COVID-19 in Minnesota: 871 new cases, 3 more deaths

The Minnesota Department of Health reported 871 new cases of COVID-19 and three more deaths Sunday, bringing the total number of cases the state has seen to 51,153 and the death toll from the disease to 1,574. 

Approximately 87 percent of the state's coronavirus patients have recovered and no longer need to be isolated.  

There were 16,272 tests completed in the latest 24-hour period. More than 940,000 COVID-19 tests have been completed in Minnesota to date. The state now has the capacity to administer more than 20,000 tests per day. 

One of the three deaths reported Sunday were residents of long-term care facilities. Residents of long-term care facilities currently account for approximately 7 percent of Minnesota's COVID-19 cases, but around 77 percent of deaths. 

There are currently 273 COVID-19 patients in the hospital, with 115 of them in the ICU. Approximately 10 percent of Minnesota's COVID-19 cases have required hospitalization.

The 20-29 age group accounts for the largest percentage of COVID-19 cases in Minnesota with approximately 24 percent of cases. The 30-39 age group has the second most number of cases with approximately 19 percent of cases. 


Starting July 25, Minnesotans will be required to wear a face covering in all public indoor spaces and businesses unless they are alone.

The order requires people to wear a face mask or face covering in all public indoor spaces and indoor businesses, including when waiting outside to enter the space. Workers must wear masks outside when social distancing cannot be maintained.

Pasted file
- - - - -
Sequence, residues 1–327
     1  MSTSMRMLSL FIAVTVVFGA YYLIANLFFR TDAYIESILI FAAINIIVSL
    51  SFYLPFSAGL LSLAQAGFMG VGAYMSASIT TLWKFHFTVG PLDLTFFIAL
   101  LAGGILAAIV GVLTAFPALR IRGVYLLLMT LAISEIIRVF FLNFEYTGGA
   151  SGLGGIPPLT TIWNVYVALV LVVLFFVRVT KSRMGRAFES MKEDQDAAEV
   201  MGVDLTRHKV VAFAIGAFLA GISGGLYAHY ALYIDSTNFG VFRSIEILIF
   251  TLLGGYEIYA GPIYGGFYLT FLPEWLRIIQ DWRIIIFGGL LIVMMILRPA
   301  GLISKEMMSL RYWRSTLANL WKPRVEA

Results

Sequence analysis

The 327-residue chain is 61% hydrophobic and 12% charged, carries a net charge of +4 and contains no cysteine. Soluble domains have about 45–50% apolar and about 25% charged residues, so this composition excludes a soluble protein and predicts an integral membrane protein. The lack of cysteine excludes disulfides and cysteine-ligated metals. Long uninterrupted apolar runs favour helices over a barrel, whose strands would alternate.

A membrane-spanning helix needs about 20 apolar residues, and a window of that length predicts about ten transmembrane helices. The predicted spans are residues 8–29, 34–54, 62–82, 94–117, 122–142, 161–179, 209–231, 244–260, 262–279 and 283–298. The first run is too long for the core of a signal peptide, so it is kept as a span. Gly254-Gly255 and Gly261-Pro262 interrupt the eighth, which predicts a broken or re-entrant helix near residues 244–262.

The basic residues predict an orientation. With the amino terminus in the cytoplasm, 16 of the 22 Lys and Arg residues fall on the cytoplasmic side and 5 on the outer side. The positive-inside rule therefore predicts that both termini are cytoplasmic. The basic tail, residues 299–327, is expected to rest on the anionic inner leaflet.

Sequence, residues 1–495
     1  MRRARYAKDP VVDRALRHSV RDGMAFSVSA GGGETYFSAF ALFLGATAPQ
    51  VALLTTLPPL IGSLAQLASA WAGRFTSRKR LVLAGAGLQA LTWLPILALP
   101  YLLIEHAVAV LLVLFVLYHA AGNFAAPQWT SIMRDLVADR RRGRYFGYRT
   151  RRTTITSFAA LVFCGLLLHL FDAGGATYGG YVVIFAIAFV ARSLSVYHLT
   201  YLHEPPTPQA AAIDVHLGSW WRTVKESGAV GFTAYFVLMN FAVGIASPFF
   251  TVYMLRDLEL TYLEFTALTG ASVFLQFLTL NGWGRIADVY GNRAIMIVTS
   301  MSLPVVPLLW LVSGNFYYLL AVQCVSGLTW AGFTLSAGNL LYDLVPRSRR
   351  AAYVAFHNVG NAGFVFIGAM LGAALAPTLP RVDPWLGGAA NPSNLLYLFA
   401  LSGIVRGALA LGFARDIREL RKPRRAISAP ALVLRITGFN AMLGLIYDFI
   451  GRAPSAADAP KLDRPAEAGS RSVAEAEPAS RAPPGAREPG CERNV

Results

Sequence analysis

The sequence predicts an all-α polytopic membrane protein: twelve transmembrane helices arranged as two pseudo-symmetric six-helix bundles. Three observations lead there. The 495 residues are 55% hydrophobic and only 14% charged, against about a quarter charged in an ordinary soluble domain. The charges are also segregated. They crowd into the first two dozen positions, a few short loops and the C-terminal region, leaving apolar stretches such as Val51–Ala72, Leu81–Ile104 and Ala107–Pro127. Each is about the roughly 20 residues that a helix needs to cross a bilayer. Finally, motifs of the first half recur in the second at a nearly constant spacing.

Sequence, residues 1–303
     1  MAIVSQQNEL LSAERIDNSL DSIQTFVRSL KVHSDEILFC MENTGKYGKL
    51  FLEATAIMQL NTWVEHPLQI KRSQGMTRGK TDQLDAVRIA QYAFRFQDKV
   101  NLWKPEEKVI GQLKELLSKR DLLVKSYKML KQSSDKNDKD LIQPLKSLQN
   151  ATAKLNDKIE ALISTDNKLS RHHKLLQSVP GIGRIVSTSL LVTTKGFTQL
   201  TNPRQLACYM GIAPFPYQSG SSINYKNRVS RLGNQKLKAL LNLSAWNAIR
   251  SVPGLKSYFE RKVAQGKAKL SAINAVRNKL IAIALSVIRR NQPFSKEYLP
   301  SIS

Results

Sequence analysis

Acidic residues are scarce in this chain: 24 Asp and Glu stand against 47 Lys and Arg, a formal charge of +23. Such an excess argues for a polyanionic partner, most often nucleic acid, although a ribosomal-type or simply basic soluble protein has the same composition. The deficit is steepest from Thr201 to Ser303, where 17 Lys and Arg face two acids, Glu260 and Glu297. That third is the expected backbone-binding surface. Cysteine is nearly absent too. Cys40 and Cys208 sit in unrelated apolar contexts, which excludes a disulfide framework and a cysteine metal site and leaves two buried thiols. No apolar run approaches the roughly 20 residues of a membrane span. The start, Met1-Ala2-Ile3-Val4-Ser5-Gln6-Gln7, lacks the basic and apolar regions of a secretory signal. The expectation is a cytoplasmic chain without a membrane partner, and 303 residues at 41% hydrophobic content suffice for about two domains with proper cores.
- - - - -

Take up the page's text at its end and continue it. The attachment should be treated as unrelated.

People do not have to wear a mask at home, in a private vehicle, in a hotel or motel room or other short or long-term housing unit. Masks are also not required to be worn outdoors or when participating in outdoor recreation. 

A full list of where you do and do not have to wear a mask in Minnesota can be found here


On Monday, health officials reported a 9-month-old infant from Clay County had died of COVID-19--the youngest person to die from the disease in the state to date. 

Health Commissioner Jan Malcolm said infant's death appears to be an "isolated incident" related to the infant's "very specific" situation. It is the state's first COVID-19 death in someone under 20 and is one of the youngest deaths attributed to COVID-19 in the country.

MDH epidemiologist Kris Ehresmann said the infant had symptoms with what you might expect from COVID-19, including respiratory symptoms and evidence of some inflammation in the upper airways, but they were never hospitalized.

The infant did not have any underlying health conditions, she said. 

Ehresmann said they have sent specimens from the infant to the Centers for Disease Control and Prevention, which will will do additional evaluation of the case. 

“We want to make sure that we’re understanding as much as we can about the physiologic changes that occurred with this infant in terms of the progression of their illness as well as we want to make sure any information that’s available on the course of this infant’s illness is added to the broader understanding of infant deaths around the country," Ehresman said. 


Residents of long-term care facilities can now visit with friends and family members outdoors, according to new Minnesota Department of Health guidelines.

Under strict conditions, residents can now meet face-to-face with visitors at scheduled times.

“The Minnesota Department of Health recognizes how the effects of isolation can have serious impacts on the health and well-being of residents in LTC facilities,” said newly released guidelines from the state. “At this time, we believe the risk of COVID-19 transmission in LTC facilities and the need for family, partner or close friend interaction can be balanced under certain conditions.”